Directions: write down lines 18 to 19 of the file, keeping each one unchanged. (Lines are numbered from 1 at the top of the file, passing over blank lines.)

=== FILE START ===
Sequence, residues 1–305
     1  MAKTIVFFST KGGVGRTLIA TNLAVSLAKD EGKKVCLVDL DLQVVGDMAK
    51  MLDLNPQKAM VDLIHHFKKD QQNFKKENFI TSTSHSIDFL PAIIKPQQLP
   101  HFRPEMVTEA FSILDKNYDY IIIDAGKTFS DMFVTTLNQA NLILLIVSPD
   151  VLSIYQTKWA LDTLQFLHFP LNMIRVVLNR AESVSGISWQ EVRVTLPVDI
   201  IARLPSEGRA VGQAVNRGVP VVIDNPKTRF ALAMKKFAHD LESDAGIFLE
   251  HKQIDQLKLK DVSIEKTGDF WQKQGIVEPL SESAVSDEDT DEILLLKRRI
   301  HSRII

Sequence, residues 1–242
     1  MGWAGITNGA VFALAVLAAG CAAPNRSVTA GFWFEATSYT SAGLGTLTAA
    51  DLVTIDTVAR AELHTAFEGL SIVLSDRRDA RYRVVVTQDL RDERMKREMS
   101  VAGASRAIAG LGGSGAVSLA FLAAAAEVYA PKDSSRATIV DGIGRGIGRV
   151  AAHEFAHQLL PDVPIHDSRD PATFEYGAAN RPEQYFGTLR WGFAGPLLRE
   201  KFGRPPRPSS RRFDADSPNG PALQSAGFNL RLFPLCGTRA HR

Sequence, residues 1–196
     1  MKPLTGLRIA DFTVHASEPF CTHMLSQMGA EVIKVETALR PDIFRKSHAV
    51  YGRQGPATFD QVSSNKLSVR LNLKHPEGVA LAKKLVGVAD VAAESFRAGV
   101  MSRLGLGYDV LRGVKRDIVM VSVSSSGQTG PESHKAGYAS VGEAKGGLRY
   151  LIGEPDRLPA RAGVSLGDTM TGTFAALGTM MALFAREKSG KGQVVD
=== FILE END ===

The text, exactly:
   101  MSRLGLGYDV LRGVKRDIVM VSVSSSGQTG PESHKAGYAS VGEAKGGLRY
   151  LIGEPDRLPA RAGVSLGDTM TGTFAALGTM MALFAREKSG KGQVVD